Emergency room doctors continue to prescribe codeine to children at high rates rather than less harmful alternatives such as ibuprofen or hydrocodone. But rather than merely “educating” these clinicians, some experts say the health care system should eliminate the doctor’s discretion to prescribe such powerful pain meds to children.
Sunitha Kaiser, a pediatrician at Benioff Children’s Hospital in San Francisco, says the evidence is clear on wisdom of prescribing alternative medications to children. "Despite strong evidence against the use of codeine in children, the drug continues to be prescribed to large numbers of them each year," she said in a press release. "It can be prescribed in any clinical setting, so it is important to decrease codeine prescription to children in other settings such as clinics and hospitals, in addition to emergency rooms."
An opioid, codeine is prescribed to treat mild to moderate pain as well as to suppress cough. However, a third of children receive no benefit from the medication, given variability in how children process the opioid. But much worse, as many as one in 12 children prescribed codeine may accumulate toxic amounts, causing slowed breathing and, in some rare cases, death.
The American Academy of Pediatrics first warned of the dangers of codeine in children in 1997, saying again in 2006 that science lacks evidence supporting the effectiveness of the medication in treating pediatric pain and cough. Likewise, the American College of Chest Physicians issued its 2006 guidelines on treating children’s cough with an advisory against the use of codeine.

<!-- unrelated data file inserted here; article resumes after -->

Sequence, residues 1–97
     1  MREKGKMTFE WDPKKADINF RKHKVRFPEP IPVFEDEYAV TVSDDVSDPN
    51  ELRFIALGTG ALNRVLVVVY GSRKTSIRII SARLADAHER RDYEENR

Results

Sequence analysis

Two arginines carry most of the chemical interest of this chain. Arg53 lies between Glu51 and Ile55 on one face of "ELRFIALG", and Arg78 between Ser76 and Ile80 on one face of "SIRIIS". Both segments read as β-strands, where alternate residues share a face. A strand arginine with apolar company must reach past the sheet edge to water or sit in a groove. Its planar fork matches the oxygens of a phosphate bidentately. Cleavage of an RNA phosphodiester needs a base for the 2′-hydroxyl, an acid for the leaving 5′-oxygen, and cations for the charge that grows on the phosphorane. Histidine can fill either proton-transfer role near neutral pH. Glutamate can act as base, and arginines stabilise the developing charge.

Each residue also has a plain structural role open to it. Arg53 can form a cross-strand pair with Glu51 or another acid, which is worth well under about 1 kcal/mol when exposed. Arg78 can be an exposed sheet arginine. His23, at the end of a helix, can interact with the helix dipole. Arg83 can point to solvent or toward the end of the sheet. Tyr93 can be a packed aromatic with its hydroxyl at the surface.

In the new study, Kaiser and her colleagues found the frequency of codeine prescriptions dropping from 2001 to 2010 from 3.7 percent to 2.9 percent for emergency room visits involving children ages 3 to 17. However, those percentages represent a still rising overall number of codeine prescriptions for children, which rose during that time from 559,000 to 877,000 prescriptions per year in the U.S.
And that 2006 warning from chest physicians made no dent in the prescription rate, the researchers found. The rate of codeine prescriptions was highest for kids ages 8 to 12 and lowest among those outside the Northeast. Fewer codeine prescriptions, too, were given to non-Hispanic black children or those with Medicaid.
"Further research is needed to determine the reasons for these lower rates so we can reduce codeine prescriptions to all children," Kaiser said in the press release. "Many children are at risk of not getting any benefit from codeine, and we know there are safer, more effective alternatives available. A small portion of children are at risk of fatal toxicity from codeine, mainly in situations that make them more vulnerable to the effects of high drug levels such as after a tonsillectomy."
Kaiser says codeine for kids shouldn’t be mourned in the hospital formulary, given that ibuprofen provides equal or superior treatment for injury pain — with hydrocodone also safer and more effective. For suppressing cough, the pediatrician suggests something a bit more natural: dark honey, as recommended too by the American Academy of Pediatricians.
Source: Kaiser, Sunitha. Pediatrics. 2014.